White flight does not end when residents move from poor urban neighborhoods to the suburbs. An Indiana University study found that white flight from one suburban neighborhood to another occurs when white residents move away from "ethnoburbs," suburban neighborhoods that attract a growing number of middle-class minority residents.
"The sheer force of immigration and suburbanization has resulted in the unmistakable rise of middle-class yet ethnic suburban communities. However, my research shows that despite their distinct middle-class character, ethnoburbs have lost a steady flow of white residents over the past 20 years," said Samuel Kye, author of "Revisiting White Flight and Segregation: The Consequences of Ethnoburbs."
"The findings suggest that patterns of segregation remain highly active even in these, the most affluent of ethnic neighborhoods," said Kye, a doctoral student in the Department of Sociology in IU Bloomington's College of Arts and Sciences. "Collectively, this raises important questions about the future of America's increasingly diverse metropolitan areas."
Kye's study is one of the first to look at white Americans' response to the influx of suburban ethnic populations. It also is one of the first to use a nationwide sample of census tracts to examine residential trends. His work expands the conversation about ethnic neighborhoods beyond the Chinatowns and other urban "enclaves," where poor residents of similar ethnicity have often lived because they lacked other choices. Studies involving suburbs offer researchers the opportunity to examine where people choose to live.
Rather than safely becoming middle-class melting pots, however, the once majority-white suburbs in Kye’s study appeared especially sensitive to the growth and emergence of non-white populations. Levels of “white flight” and segregation attributable to the presence of minority groups were distinctly higher in suburbs than in urban neighborhoods. A silver lining, Kye said, is that the level of suburban segregation for most minority groups had stopped increasing and began instead to decrease from 1990 to 2010 -- except for African American neighborhoods.
Kye said black ethnoburbs were the only communities to continue showing increases in segregation during that same time period.
"This is alarming because although black-white segregation has generally declined over the past 30 to 40 years, blacks still remain the most highly segregated minority group in the U.S. today," he said. "The fact that levels of segregation for blacks continue to grow even in their middle-class communities raises concern about the decline of black/white segregation into the future, especially as America continues to suburbanize and ethnoburbs proliferate in number."
Kye discussed his study Aug. 16.
Legal status of temporary workers from Mexico helps them little at work compared to undocumented peers
Many politicians see the temporary worker program in the U.S. as a solution to undocumented immigration from Mexico. But an Indiana University study finds that these legal workers earn no more than undocumented immigrants, who unlike their legal counterparts can improve their situation by changing jobs or negotiating for better pay.
"Just because temporary workers are legally present in the country does not mean that they will have better jobs or wages than undocumented workers," said Lauren Apgar, lead researcher of the study "Temporary Worker Advantages? A Comparison of Mexican Immigrants' Work Outcomes."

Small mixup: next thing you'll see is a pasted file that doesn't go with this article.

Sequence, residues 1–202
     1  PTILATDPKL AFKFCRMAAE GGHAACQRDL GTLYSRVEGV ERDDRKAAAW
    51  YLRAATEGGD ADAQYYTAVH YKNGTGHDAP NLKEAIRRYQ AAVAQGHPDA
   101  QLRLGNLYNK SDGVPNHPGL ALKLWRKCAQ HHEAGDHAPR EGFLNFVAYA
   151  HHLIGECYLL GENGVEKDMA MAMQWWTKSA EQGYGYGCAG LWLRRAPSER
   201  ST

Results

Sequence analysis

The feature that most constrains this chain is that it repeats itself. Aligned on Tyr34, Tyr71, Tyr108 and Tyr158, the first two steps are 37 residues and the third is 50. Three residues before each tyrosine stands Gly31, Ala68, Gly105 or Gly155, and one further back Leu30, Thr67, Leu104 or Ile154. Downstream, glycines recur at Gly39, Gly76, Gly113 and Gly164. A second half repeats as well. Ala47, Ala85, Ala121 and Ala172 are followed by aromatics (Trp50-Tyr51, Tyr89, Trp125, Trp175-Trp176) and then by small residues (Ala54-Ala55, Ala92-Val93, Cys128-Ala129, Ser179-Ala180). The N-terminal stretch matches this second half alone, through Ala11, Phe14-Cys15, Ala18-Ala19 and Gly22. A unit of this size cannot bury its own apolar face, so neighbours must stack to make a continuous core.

"My research found that temporary workers’ visas effectively ensure that they are underpaid and cannot advance in the job market because they guarantee that the immigrant work for the sponsoring employer," she said. "Issuing visas to the employees, rather than the employers, offers a possible solution to prevent these abuses from occurring and to better protect those who serve a vital function in the national economy."
The most common employment visas issued to Mexicans are the H-2A visa for agricultural workers and the H-2B visa for low-skill, peak-load or intermittent workers. Apgar suggests reforming the temporary worker program so these visas are issued directly to workers, thus making the visa program potentially more attractive to undocumented immigrants.
Variations of her suggestion have been incorporated into federal immigration reform legislation, but these efforts have stalled in Congress. Much attention now is on the influx of unaccompanied children emigrating from Central America, which Apgar describes as a humanitarian crisis. because the children are fleeing gangs and violence. She said the refugee crisis, if it continues, could be framed as a rise in undocumented immigration, reinvigorating the concerns about undocumented immigration overall and the demand for an increased number of temporary worker visas. She said this would do nothing for visa reform or for the plight of these children.
Immigration reform with regard to temporary workers has historically revolved around the number of temporary worker visas that should be issued. Businesses favored increasing the number of temporary workers to fulfill their labor needs, whereas labor unions wanted to discontinue the program because they viewed immigrant workers as competition for U.S. jobs. More recently, Apgar said, labor has shifted its viewpoint and the debate to focus on worker rights. Labor now supports temporary work visas contingent upon increased labor protections for these workers.
"Temporary workers’ visa stipulations affect the overall labor market and can erode standards for all workers," Apgar said. "While temporary workers have often been pitted as competitors of U.S. workers -- taking jobs, lowering wages -- the fact that employers can take advantage of visa stipulations to lower wages worsens the conditions for the labor market overall."
In 1987, the U.S. offered Mexicans 4,808 H-2 visas; in 2013, the number had grown to 111,769 in 2013, according to Apgar's research. For her study, she analyzed data from the Mexican Migration Project, which has been collecting data concerning the experiences of temporary workers, undocumented immigrants and legal permanent residents since 1987. Her study involved data provided by 3,634 male heads of households.
Apgar discussed her study Aug. 17. The Department of Sociology is in the College of Arts and Sciences at IU Bloomington.